All dealers and collectors have been fooled by a fake at some time: what distinguishes a good dealer from a bad dealer is how careful and sceptical he or she is in acquiring pieces and how he or she deals with the fact of discovering their mistake. Antiquities cover so many periods and cultures over such vast stretches of time, and so many different materials and styles that no single collector or dealer can hold themselves out as being a real expert other than in some limited areas. A good dealer will research their acquisitions, consulting other fellow dealers, academics in museums and indeed long standing collectors themselves. Antiquities have been forged for several hundreds of years and technology is always improving, so be suspicious of a dealer who cannot explain quite clearly why he or she believes a piece is authentic and never trust a half hearted or defensive response. One fellow dealer friend calls our inevitable mistakes our "tuition fees", as he says, it’s an ironic joke, but it reflects the belief that the professional must accept responsibility for a mistake, not the client...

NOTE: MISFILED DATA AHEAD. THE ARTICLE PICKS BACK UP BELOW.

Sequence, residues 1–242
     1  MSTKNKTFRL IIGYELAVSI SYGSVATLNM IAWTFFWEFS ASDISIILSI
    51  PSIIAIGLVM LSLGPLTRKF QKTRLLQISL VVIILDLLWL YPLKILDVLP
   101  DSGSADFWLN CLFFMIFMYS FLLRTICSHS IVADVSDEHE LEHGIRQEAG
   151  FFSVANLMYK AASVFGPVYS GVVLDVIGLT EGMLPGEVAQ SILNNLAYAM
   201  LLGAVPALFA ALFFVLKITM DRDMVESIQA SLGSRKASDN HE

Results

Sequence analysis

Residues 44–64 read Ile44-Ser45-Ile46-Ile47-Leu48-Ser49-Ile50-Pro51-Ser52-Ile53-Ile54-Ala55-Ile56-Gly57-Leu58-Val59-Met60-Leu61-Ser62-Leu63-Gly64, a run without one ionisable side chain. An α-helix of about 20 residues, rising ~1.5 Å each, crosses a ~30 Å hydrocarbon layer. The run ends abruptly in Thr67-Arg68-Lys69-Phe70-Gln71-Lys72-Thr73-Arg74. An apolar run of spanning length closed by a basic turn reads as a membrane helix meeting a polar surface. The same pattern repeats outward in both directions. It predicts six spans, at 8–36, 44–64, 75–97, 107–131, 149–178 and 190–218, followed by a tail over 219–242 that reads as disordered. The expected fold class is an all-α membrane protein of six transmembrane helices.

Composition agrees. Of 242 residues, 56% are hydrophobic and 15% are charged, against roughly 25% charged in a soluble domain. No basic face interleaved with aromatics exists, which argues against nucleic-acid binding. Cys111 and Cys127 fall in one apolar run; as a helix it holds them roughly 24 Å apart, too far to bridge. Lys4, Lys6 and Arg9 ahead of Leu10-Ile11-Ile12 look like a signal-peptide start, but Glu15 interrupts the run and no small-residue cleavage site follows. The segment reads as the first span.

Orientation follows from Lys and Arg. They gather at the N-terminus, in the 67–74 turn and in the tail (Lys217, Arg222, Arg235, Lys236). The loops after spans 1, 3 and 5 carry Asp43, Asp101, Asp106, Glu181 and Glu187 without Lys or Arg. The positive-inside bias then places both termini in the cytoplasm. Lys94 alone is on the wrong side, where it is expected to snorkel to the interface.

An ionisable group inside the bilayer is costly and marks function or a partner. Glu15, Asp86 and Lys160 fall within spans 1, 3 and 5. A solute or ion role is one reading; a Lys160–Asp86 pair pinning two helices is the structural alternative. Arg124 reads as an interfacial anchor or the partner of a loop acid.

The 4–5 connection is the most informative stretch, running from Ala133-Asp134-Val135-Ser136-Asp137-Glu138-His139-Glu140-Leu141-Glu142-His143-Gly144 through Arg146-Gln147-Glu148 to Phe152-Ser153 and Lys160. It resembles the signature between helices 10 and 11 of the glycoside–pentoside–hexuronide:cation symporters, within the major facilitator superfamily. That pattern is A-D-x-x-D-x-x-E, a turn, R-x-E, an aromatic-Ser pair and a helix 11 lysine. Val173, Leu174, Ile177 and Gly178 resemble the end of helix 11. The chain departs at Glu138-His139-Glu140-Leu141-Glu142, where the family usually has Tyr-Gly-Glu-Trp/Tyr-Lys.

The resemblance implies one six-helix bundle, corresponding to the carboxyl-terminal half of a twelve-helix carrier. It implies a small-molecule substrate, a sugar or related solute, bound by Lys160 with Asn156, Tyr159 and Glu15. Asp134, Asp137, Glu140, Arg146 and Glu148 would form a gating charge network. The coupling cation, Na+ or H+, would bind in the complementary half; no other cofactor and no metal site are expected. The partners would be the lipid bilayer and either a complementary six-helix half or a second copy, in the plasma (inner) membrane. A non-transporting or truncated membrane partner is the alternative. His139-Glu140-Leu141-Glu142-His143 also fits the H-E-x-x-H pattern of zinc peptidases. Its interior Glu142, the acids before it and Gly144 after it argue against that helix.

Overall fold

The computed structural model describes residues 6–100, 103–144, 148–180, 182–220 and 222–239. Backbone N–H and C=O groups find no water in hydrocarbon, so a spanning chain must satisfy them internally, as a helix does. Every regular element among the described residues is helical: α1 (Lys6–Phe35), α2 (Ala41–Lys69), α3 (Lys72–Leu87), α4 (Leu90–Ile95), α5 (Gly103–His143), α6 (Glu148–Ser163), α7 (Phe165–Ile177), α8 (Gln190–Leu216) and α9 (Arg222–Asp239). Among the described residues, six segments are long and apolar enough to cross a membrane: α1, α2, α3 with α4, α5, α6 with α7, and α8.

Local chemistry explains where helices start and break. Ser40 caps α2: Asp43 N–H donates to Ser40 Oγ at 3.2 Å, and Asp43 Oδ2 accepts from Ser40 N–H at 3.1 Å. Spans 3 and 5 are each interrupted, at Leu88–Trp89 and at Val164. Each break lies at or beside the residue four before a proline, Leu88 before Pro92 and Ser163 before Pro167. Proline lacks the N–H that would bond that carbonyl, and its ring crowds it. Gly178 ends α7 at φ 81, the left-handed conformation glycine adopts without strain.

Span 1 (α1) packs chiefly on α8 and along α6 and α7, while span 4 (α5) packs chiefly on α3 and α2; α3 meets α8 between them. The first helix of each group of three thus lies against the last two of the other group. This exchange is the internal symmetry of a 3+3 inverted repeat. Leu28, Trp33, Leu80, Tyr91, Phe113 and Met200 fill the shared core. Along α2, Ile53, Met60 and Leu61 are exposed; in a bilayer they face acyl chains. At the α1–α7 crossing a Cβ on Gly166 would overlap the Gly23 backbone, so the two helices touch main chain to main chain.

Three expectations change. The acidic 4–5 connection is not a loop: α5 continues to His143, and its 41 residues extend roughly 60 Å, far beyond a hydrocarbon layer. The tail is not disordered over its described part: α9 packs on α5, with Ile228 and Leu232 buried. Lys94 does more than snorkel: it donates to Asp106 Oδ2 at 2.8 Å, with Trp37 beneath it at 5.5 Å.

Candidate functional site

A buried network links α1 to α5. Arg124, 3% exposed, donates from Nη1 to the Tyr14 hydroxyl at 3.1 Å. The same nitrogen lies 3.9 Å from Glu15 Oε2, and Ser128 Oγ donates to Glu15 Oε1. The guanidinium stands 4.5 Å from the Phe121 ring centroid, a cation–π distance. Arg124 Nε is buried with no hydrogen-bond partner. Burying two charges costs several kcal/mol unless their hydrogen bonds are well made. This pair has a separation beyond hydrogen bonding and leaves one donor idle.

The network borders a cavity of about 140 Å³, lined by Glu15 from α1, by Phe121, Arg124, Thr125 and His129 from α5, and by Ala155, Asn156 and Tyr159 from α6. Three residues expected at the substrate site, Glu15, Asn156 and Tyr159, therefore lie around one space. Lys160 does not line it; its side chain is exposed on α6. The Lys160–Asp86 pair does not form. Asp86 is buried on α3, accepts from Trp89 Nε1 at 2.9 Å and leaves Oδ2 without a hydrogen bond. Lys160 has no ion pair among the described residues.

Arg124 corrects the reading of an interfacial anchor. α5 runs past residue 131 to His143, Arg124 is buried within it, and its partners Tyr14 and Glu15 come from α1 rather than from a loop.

Remember the truism..."if it seems too good to be true, it probably is"...
Anyone with a computer can print off a fancy certificate, and such pieces of paper can mean nothing at all. I’ve seen many certificates of authenticity created for very obvious fakes. Criminals on the internet rely on selling items with "certificates", which provide no value at all and offer no genuine guarantee of authenticity. Proper guarantees will describe an object in some detail and should also include a photograph of it. If a certificate is not backed by a good professional association, you are relying completely on the seller being honest and knowledgeable and such spurious certificates give you no legal protection at all. Also one should wonder why a dealer would charge additionally for a certificate of authenticity!